By extending this thinking to the workplace, I believe that, like our own home, the office structure and the organisational set-up where we work can help us enhance our personal energy or detract from it.
 
In 'You don't have to go home from work exhausted' Ann McGee-Cooper writes a whole interesting chapter in that respect ('Designing an energy environment- A nest for innovation'). 
 
The author writes that the work environment can actually be a catalyst for creative thinking and positive energy. “The best way to get an accurate assessment of your individual energy gains and drains is to observe your response to all aspect of your work place. By simply becoming aware of these reactions, you can discover which aspects of your current environment are working for you and which are working against you. The second step is to bring extra high-energy items into your office while reducing the number of energy drains factors”. 
 
The writer suggest some possible high-energy factors to consider such as:
- personal items included in the work area (photos, artwork, inspirational sayings, humourous items, reminders of past achievements, favorite vacations, indicators of outside interests);
- overall visual aesthetics (color of walls, decorations, style and condition of the furniture, existence of windows and the quality of the scenery outside)
- furniture (Is it comfortable and effective?);
- noise level
- health factors (air quality, lighting, temperature)
- atmosphere (What other settings does your office currently remind you of? What setting would you find appealing – a library nook? An high-tech research area? A creative workroom? A plant-filles sunroom?)
 
Managers and office policies that encourage individual expression in each employee's work site enhance employee morale and energy levels. Therefore, the author encourage the idea of allowing much more freedom for each employee to decorate and organise his or her own space. “The more personalised and comfortable it can be, the more you will enjoy living in it. It is truly your 'nest'”.
 
The author also reports the story of an entire company that opted to personalise its settings rather than stick with a conventional office d├ęcor (in fact, before that, the environment reflected the corporate taste but not that of the people who spent nine hours there each day). That was done as a way of boosting morale and increasing motivation during a period where the company were experiencing a sagging economy.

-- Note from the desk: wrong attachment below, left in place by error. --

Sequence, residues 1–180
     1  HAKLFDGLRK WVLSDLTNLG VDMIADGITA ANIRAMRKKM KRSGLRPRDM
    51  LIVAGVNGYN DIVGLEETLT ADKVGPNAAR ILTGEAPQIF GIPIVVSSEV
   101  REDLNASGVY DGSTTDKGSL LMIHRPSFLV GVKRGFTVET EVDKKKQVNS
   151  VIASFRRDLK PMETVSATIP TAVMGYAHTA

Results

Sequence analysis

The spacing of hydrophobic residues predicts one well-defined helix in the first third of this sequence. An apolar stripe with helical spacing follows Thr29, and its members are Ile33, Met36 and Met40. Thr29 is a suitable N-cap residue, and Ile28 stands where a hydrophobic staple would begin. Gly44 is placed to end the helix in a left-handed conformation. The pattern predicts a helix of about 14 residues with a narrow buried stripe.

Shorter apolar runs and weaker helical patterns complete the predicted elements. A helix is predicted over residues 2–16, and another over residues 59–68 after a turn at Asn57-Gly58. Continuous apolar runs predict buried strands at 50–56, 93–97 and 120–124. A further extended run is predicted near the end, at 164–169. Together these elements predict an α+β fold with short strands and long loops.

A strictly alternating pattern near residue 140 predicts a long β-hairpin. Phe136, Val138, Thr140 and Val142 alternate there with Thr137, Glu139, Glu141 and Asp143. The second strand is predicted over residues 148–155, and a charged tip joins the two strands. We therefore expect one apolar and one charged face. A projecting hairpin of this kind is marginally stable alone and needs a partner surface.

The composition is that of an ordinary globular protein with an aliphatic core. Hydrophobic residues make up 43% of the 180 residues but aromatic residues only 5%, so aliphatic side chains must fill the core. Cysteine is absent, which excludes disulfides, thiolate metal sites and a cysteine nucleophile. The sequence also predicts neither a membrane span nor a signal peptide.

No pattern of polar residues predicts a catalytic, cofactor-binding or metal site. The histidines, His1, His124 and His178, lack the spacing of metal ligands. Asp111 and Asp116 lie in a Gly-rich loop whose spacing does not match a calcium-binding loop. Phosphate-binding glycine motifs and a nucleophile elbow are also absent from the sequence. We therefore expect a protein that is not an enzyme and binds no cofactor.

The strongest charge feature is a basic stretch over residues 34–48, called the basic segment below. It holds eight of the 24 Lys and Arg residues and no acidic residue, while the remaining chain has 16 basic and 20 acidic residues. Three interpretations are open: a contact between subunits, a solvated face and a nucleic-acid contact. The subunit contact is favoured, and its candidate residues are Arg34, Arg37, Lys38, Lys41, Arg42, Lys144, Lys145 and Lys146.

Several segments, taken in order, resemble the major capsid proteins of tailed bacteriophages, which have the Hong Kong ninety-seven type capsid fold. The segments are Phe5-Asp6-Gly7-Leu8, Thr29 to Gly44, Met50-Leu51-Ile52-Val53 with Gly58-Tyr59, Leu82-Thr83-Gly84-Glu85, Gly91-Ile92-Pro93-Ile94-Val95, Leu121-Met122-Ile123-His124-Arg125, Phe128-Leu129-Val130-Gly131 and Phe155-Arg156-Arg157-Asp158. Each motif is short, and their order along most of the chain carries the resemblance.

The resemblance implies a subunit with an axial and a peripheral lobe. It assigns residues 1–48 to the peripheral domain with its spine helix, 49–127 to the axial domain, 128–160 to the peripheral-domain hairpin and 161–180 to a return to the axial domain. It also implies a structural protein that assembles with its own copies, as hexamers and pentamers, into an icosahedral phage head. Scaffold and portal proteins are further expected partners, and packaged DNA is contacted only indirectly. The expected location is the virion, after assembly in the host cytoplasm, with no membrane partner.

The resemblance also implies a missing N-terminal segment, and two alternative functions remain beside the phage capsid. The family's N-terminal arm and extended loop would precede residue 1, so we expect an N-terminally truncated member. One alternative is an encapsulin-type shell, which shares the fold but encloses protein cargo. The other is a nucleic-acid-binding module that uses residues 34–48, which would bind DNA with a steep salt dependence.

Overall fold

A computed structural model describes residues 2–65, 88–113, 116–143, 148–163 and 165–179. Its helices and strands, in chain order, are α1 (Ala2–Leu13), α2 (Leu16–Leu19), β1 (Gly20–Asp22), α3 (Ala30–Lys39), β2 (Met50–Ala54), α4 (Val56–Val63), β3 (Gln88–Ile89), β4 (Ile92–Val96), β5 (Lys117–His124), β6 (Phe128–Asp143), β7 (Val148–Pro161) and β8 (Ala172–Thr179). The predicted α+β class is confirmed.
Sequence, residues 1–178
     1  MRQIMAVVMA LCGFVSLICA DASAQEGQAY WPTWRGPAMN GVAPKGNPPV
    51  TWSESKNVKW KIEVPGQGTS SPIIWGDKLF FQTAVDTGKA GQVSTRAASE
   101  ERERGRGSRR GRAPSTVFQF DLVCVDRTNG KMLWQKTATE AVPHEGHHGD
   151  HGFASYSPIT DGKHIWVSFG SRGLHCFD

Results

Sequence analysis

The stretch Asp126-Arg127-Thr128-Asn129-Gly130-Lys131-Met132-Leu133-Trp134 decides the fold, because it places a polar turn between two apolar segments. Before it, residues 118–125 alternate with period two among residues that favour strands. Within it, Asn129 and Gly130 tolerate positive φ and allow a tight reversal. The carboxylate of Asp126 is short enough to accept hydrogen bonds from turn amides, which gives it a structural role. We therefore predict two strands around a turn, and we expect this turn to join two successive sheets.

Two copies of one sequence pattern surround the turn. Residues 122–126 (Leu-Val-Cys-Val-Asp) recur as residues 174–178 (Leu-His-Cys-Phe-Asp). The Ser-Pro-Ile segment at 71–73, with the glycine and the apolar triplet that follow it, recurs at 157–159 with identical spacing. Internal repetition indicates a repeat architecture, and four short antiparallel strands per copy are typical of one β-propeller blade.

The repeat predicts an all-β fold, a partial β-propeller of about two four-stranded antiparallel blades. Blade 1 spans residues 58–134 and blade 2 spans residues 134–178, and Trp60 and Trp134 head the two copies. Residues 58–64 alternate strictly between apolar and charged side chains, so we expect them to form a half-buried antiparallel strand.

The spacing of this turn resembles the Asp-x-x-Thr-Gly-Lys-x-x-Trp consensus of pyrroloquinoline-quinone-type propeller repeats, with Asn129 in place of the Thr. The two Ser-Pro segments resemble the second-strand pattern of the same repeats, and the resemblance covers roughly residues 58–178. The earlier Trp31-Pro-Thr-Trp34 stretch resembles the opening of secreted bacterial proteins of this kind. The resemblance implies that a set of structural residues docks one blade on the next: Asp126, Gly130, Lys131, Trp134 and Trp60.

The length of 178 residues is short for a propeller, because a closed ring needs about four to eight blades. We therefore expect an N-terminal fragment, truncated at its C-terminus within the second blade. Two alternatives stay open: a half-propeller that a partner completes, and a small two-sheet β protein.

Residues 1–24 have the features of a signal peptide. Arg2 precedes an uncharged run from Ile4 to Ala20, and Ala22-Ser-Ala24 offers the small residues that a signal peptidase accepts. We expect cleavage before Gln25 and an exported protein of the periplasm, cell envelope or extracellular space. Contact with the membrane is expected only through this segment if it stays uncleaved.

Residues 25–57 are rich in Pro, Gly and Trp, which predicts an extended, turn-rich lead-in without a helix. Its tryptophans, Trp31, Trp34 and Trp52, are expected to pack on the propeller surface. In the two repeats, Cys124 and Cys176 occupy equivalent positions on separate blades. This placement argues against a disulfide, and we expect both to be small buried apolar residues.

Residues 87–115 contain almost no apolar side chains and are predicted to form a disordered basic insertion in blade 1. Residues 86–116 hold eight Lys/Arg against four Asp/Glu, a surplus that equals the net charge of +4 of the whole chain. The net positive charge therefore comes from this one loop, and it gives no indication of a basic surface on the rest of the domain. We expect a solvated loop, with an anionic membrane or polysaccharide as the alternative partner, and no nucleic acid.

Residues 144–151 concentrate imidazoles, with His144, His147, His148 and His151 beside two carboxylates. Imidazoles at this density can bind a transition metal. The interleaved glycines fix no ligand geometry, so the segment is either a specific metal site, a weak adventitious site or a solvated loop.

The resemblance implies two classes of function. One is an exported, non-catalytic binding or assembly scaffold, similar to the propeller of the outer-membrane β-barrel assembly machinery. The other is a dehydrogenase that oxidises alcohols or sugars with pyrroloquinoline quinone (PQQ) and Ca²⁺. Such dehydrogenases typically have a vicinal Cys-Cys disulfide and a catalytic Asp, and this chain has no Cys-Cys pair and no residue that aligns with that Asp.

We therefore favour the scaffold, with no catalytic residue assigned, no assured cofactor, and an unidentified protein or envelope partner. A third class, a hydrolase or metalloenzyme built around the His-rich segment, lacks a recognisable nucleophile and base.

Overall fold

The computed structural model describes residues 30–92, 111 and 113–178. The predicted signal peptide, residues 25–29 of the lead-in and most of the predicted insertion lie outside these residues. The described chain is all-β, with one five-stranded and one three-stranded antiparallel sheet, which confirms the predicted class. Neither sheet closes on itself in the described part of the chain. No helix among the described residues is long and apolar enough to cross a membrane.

Employees were asked to shop for a 'toy' (something they wanted but didn't need and up to $10), bring those items into their work space and note whether the toy made any difference in the way they were feeling. Among the toys there were a yo-yo, a book of poems, a crystal prism, a kite, a teddy bear and a windup jumping frog. The author writes that initially there was some nervous laughther but it soon became genuine joy as people began to discover the power of play. “There was a noticeable new energy. Before long, people were getting acquainted with a new side of each other by viewing and playing with the toys. The fun of sharing childhood memories of games and other kind of play stimulated new topics of conversation and new feelings of warmth. The atmosphere lifted and instead of worrying about slowdowns the groups began to engage in creative problem solving.
Next the employees were encouraged either to rediscover a hobby or find a new one to enjoy. After exploring their ideas for a month, they were asked to bring some aspect of their interest to work with them. “Some each corner of this formerly cold building began to warm up with the personalities of the people who worked there”.
Within six months there were some noticeable changes: absenteeism and days out had dropped significantly, much higher energy and enthusiasm were present in all departments and the bottom line had even improved.
In conclusion, employees were encouraged to fill their work space with items that expressed each individual's interest and preference. Those items were harmonious with their self-image and work style, thus reducing stressors and stimulating extra energy.
 
If you are a top corporate leader”, writes Ann McGeen-Cooper, “you may feel very nurtured by your traditional corporate office (you are surrounded by awards, pictures and mementos of high points in your career) and easily overlook the message. But go some levels down in the organisation: standard settings are visual reminders that the worker is not special but one of the many.
 
If by starving the senses we starve the imagination and deplete the renewal of energy for ourselves and others, doesn't it make sense to empower and encourage our team members to create a nurturing environment for themselves?